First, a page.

H-Quincy: Fair Scheduling for Hadoop Clusters5045 2013-09-14 16:49
H-Quincy implements the paper Quincy: Fair Scheduling for Distributed Computing Clusters on Hadoop, which improves the mapreduce scheduler by replacing the default queue-based one with a flow-based one. A min cost flow is calculated and updated to assign map tasks among the cluster, according to the size of the data split and the communication overhead in the cluster’s hierarchy.
git clone https://github.com/puncsky/H-Quincy.git
You can either build from source code or user the JAR directly.
- Build from Source Code. Replace your
$HADOOP_HOME/src/mapred/org/apache/hadoop/mapredwith files in
$HADOOP_HOMEand build with
- utilize the JAR directly. Replace your
The Quincy paper is rather theoretical organized and involves a large number of mathematical details, which reasonably makes itself hard to understand. The following sections explains our implementation.
Figure 1 displays an outline of our architecture. There exist three kinds of nodes and accordingly three levels of hierarchy in the cluster. Computing nodes are connected via a rack switch, and placed in the same rack. Rack switches are connected via a core switch. Core switches and rack switches do not undertake computing works but can still be presented in the Hadoop system as nodes.
Figure 1: A sample architecture with simplified preferred lists.
As we know, Hadoop takes a master/slave architecture, which includes a single master and multiple worker nodes. The master node in general consists of a JobTracker and a NameNode. The slave worker consist of a TaskTracker and a DataNode. Nevertheless, the master can also play the role of the slave at the same time. JobTracker assigns tasks to the TaskTrackers for execution, and then collects the result. NameNode manages the index for blocks of data storing in DataNodes among the Hadoop Distributed File System.
In our cluster, each computing node is both a TaskTracker and a DataNode, which means they are all slaves. And we select one of them as a master, which is both a JobTracker and a DataNode simultaneously. The master maintains the relationship with slaves through heartbeat, whose overhead is ignorable when compared to the data transfer or the execution of tasks.
There may be many jobs sharing the cluster resources at the same time. When a job comes into the JobTracker’s job queue, the JobTracker resorts the queue by the priority and the start time of these jobs. A job is composed of the map tasks and the reduce tasks. When the job comes out of the queue and starts to run, the JobTracker will analyze the input data’s distribution over those TaskTrackers and initialize a list of preferred tasks for each TaskTracker, rack switch, and core switch, as shown in figure 1. A task will occur on the preferred list of some node if its data splits are stored in that node or in any of its child nodes. Then the JobTracker’s scheduler matches tasks to the TaskTrackers and launch them to run the tasks on their own newly-assigned lists. At the same time, the JobTracker keeps collecting status information from TaskTrackers until all the tasks finish. If failure happens in the TaskTracker, the JobTracker will restart the task from that TaskTracker or enable a new TaskTracker to execute the task. The scheduler can kill a task on a TaskTracker with preemption if there is a more suitable arrangement.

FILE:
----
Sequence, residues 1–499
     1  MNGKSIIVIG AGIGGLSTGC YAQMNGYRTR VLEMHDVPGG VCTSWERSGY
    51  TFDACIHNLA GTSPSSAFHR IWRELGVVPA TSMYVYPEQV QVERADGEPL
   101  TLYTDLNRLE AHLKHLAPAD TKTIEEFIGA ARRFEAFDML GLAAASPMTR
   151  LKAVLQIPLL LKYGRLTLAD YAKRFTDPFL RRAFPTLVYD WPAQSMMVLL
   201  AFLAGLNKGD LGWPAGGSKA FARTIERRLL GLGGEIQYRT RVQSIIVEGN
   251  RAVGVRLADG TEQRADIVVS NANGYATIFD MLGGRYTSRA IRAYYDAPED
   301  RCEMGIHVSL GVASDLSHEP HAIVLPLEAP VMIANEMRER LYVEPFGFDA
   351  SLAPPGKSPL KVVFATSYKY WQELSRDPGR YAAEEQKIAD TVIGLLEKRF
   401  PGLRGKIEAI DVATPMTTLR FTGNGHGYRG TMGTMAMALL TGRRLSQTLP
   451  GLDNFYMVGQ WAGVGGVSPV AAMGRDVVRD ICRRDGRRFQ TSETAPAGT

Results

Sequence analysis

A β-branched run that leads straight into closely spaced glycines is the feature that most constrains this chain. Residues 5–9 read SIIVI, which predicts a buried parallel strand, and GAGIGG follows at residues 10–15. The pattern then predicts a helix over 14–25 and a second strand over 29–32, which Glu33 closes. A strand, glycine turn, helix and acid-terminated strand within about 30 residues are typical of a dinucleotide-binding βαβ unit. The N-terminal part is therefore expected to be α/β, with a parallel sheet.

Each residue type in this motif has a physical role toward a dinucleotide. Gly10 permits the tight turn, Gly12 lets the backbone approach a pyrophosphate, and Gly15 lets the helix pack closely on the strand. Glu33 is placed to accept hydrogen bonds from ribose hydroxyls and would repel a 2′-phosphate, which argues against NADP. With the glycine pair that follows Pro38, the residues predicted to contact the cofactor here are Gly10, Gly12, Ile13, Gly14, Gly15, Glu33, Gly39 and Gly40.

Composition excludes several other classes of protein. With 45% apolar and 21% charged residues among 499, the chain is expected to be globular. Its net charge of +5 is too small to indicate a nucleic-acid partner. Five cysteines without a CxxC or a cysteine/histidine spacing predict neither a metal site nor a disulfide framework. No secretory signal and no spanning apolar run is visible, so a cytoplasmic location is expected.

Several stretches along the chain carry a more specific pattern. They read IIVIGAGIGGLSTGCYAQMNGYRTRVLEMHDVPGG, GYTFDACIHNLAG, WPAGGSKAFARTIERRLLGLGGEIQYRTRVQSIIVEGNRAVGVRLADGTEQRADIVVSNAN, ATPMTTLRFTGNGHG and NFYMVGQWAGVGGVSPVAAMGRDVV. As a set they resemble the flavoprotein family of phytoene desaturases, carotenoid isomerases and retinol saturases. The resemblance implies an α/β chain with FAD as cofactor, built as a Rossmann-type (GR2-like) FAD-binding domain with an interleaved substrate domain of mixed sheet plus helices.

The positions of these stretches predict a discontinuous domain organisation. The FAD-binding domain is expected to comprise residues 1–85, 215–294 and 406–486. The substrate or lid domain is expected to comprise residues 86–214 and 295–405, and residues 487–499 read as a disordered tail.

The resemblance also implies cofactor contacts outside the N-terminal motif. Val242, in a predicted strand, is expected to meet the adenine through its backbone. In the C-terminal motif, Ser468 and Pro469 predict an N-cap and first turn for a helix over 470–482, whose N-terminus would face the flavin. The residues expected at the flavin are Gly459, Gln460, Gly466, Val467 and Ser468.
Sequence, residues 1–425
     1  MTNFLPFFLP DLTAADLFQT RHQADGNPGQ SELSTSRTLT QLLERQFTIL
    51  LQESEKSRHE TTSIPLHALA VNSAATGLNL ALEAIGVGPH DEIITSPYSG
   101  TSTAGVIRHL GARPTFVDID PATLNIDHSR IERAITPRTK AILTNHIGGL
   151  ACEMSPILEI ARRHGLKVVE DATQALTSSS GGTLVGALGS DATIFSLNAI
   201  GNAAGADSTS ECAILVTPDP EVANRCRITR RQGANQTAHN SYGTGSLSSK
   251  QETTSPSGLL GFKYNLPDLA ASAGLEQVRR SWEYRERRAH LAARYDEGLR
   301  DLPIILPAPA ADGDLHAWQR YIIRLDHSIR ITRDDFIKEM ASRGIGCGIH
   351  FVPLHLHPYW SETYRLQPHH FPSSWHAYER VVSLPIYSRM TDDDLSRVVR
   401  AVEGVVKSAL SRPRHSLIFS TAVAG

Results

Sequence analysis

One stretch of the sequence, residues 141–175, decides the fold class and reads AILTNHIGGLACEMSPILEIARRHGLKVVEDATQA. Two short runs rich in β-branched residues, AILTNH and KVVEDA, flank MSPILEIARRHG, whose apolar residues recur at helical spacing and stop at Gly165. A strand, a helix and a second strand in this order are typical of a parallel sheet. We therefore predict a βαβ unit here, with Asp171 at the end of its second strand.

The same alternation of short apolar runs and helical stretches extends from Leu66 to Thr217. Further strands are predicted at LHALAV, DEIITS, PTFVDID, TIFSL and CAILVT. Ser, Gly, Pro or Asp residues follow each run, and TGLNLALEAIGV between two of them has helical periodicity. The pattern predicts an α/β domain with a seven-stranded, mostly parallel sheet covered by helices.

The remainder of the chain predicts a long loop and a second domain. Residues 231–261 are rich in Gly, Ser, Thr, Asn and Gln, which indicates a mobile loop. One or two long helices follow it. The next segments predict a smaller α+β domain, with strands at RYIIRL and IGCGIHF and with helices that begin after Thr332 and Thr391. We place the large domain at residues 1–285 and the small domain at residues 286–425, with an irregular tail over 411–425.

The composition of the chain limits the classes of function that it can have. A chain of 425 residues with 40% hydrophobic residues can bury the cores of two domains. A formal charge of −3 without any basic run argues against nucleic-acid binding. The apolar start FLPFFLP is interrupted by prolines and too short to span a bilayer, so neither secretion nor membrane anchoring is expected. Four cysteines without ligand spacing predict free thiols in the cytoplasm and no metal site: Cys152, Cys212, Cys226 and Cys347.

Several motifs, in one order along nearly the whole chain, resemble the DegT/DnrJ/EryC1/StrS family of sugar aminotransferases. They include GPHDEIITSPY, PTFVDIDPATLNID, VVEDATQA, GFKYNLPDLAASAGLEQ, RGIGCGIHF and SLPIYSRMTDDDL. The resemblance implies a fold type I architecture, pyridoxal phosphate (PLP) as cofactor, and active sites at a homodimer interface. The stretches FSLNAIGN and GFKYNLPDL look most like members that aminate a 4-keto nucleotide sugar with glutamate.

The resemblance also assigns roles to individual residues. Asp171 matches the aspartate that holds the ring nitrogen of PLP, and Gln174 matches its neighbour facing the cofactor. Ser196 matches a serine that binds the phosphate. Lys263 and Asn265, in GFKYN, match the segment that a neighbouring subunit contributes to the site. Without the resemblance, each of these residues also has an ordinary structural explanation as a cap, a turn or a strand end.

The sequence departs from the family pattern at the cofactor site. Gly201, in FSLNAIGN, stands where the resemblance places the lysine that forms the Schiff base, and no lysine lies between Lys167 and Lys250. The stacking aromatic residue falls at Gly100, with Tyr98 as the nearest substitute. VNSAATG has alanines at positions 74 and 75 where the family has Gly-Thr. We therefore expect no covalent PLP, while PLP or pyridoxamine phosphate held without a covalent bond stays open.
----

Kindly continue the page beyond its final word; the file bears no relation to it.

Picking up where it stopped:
After the initialization of preferred lists, the JobTracker assign a series of actions, including the tasks waiting for execution, into the response to heartbeat from the matched TaskTracker. The matched TaskTracker receives the heartbeat response and adds the actions to the task queue.
In the task assignment, the JobTracker’s task scheduler first calculates the max workload for every job, and leaves certain padding slots for speculative tasks. The speculative task backs up some running task, in case that the running task is too slow and impede the job’s progress. Map tasks are assigned before reduce tasks. Data-local and rack-local tasks are assigned before non-local tasks.
The default setup for Hadoop is a queue-based greedy scheduler. The preferred task lists of every node can be deemed as queues. Each computing node has a queue of tasks which can be executed without pulling data from other places. Each computing node in a rack shares a rack queue in case that computing node can execute tasks with pulling data splits from other nodes in the same rack, when the local list has already been finished. Since racks are connected with a core switch, racks also share a global queue. For every assignment, node will compute the previously failed tasks first, then the non-running local and non-local tasks, and finally the speculative tasks.